01 × 01 See the pattern? Let's write it down explicitly: a1 × b1 ≡ 01 mod 100 if and only if a + b ≡ 0 mod 10. Of course, the first and last lines aren't pairs in the sense I used earlier, pairs consisting of two different numbers; that changes the count of underlying facts but doesn't affect the pattern. (The numbers 49 and 99 are also selfinverse, by the way.) These inverse pairs are more interesting.
03 × 67 Again, there's a pattern: a3 × b7 ≡ 01 mod 100 if and only if a  b ≡ 4 mod 10. This time, though, it's not obvious why the pattern holds. It's not hard to derive, actually. If we expand a3 × b7 like so,
(10a + 3) × (10b + 7) = (100ab + 70a + 30b + 21), then clearly the condition for being inverse is that 7a + 3b + 2 ≡ 0 mod 10, or rather that 7a + 3b ≡ 8. Multiply by 3, and that's the pattern rule. Still, there's nothing in there that strikes me as a reason. Why do we subtract and not add? Why 4? Who knows, that's just how it happens to turn out. Now I'd like to go backward for a second. I started by talking about products that end in 99, then moved to 99pairs and 01pairs (inverses) … but what about products that end in 01? Well, for one thing, yes, there are some; the first two are 7 × 43 = 301 and 17 × 53 = 901. For another thing, in general they don't fascinate me. The one exception is 7 × 11 × 13 = 1001, but that's not really the same thing, since I'm fascinated by its function, not its form; see for example the essay In Other Bases. Now let's go forward again! From inverses, it was only a small step to thinking about the whole group structure of U_{100}. In the abstract, of course, I already knew all about the structure: just follow the rules from The Structure of U_{n}, and the group decomposes into a product of cyclic groups, like so.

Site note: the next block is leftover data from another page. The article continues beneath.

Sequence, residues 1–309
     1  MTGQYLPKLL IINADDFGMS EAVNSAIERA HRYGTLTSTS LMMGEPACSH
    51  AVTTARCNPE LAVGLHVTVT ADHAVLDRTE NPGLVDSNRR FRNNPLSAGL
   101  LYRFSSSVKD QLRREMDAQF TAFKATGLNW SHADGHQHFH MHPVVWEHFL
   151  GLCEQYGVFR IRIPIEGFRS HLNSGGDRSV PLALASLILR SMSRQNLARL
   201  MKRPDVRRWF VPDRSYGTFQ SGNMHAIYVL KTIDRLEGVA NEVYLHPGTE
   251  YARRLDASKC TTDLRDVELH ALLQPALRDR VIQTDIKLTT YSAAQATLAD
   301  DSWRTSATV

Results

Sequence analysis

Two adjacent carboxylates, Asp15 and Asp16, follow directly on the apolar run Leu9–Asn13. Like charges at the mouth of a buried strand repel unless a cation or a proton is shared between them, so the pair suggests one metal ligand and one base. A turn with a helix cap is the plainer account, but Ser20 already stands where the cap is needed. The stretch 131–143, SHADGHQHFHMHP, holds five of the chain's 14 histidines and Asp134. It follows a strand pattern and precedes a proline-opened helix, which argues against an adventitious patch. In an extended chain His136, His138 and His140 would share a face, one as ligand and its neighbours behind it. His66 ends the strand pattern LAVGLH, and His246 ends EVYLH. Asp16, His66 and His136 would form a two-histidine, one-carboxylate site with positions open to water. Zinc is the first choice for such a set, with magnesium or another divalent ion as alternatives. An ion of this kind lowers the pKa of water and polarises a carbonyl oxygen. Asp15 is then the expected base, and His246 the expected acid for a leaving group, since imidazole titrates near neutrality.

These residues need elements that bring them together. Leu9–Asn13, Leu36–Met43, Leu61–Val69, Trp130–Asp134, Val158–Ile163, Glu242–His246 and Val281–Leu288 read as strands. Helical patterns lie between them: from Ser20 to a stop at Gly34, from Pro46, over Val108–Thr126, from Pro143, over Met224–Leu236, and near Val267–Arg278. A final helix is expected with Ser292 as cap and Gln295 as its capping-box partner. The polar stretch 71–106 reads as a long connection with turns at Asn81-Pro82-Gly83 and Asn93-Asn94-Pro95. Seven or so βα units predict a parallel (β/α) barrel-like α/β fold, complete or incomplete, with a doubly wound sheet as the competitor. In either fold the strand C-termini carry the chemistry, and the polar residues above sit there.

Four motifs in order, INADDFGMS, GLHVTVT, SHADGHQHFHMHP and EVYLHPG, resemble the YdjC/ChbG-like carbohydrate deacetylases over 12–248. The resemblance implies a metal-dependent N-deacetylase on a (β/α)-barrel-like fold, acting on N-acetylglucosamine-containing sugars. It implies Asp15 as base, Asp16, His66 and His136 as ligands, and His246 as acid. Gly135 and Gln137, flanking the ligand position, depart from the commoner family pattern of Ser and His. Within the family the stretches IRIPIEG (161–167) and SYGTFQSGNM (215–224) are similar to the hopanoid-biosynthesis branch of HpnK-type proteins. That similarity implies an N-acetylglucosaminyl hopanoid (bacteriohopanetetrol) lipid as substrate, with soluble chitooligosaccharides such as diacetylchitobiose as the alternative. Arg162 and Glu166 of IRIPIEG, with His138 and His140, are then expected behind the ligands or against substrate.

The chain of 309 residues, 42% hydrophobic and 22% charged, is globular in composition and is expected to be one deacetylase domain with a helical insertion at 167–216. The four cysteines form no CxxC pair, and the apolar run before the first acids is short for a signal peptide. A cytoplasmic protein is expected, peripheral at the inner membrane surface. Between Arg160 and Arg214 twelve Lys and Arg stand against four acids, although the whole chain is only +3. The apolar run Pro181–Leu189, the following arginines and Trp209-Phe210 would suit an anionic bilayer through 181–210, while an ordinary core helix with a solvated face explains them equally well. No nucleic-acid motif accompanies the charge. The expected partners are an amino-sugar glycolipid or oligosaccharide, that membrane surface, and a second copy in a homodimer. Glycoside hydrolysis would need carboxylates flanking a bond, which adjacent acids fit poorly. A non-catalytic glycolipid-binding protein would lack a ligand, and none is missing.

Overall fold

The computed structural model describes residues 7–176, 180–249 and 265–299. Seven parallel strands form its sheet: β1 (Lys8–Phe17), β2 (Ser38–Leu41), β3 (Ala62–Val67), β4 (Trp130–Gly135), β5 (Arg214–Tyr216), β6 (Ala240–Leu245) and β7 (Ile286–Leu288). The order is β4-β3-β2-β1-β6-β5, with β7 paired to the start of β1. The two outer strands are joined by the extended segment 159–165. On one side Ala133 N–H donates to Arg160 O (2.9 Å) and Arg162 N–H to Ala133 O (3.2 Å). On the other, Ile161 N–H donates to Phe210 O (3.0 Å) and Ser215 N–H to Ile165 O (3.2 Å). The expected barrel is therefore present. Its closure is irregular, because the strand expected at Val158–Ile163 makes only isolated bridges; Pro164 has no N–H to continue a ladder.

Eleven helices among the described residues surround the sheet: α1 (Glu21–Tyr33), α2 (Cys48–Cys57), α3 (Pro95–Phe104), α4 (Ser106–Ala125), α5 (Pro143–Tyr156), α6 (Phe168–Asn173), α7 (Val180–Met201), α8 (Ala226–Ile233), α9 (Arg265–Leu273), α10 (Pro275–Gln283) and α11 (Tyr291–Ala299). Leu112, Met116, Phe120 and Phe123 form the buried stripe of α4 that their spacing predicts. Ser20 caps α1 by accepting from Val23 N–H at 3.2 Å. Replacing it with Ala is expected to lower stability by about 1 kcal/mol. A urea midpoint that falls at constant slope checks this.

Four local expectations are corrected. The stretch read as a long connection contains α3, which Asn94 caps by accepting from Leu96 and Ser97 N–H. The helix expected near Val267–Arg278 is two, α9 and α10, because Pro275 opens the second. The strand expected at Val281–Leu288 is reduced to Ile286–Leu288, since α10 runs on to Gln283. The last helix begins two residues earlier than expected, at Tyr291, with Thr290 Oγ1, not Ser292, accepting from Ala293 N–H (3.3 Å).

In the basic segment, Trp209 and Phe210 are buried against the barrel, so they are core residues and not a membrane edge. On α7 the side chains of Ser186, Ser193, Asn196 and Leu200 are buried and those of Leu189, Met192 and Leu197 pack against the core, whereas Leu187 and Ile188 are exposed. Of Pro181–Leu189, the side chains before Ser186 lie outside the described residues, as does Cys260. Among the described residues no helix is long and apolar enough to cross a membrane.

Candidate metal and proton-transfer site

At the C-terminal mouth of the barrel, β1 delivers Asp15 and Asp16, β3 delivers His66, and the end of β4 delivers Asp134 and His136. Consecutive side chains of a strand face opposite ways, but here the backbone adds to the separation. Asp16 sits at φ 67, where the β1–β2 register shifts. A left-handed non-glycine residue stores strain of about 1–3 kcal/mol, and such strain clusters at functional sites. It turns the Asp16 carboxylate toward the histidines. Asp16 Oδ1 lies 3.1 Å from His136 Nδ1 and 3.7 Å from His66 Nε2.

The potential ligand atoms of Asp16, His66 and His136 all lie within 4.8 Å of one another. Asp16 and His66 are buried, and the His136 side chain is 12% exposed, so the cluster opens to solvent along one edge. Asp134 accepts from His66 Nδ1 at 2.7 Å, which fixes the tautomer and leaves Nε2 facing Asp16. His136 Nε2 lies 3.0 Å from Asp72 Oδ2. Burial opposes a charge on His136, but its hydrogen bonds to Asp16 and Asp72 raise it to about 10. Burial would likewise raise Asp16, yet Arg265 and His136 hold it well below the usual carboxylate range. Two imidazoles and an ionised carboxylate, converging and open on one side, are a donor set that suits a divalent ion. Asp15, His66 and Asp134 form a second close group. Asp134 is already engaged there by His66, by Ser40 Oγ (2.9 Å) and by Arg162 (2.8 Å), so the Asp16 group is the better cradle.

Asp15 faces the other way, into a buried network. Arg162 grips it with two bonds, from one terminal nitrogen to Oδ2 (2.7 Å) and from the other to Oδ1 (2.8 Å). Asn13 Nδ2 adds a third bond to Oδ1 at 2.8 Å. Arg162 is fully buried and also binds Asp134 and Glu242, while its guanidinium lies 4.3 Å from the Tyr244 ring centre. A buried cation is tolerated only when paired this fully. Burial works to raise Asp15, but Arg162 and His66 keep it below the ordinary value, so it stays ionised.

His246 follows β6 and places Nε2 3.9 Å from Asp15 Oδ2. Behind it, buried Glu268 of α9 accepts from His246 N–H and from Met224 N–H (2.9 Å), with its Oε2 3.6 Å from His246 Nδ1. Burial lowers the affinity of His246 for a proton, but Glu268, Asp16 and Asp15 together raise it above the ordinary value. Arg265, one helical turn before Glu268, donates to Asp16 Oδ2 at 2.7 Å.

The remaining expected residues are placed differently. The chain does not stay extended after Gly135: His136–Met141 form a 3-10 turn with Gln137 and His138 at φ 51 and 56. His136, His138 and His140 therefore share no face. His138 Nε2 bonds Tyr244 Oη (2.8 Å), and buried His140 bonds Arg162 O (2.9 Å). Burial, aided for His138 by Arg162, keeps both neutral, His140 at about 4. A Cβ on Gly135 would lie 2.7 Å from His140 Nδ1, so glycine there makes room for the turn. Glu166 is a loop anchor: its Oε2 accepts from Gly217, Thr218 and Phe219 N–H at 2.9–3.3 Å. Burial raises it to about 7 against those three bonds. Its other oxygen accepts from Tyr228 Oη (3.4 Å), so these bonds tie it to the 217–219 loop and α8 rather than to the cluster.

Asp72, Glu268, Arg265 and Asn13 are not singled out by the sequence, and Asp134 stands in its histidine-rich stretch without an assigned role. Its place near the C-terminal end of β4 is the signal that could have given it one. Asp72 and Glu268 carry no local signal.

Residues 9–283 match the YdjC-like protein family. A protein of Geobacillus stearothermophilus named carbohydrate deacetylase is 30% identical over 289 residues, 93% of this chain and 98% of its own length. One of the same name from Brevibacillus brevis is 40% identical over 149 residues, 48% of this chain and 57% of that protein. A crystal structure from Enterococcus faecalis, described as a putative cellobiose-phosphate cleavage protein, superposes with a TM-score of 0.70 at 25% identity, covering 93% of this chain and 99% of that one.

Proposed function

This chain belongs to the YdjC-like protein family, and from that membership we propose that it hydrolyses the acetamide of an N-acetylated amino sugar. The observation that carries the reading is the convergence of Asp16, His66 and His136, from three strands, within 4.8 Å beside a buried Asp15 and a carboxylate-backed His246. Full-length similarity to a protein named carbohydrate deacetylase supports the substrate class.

U_{100} = U_{22} × U_{52} = Z_{2} × Z_{20} = Z_{2} × Z_{4} × Z_{5} I wanted something a little more down to earth, though, so I decided to make a multiplication table like the ones I'd made in Multiplication in Base 7. I couldn't use exactly the same procedure as before, because 10 isn't prime, but I was able to construct tables for base 2 and base 5 separately and then put them together to get the desired result. Yay! (That's really not something to take for granted. For higher powers of 10, there's no way to put the pieces together to get a single table … at least, not a twodimensional one.) Here's the table for base 5, for the group U_{52}.
The numbers are in base 5, of course. With appropriate changes, all the remarks I made about the U_{72} table apply; I won't repeat them except to explain how the table works.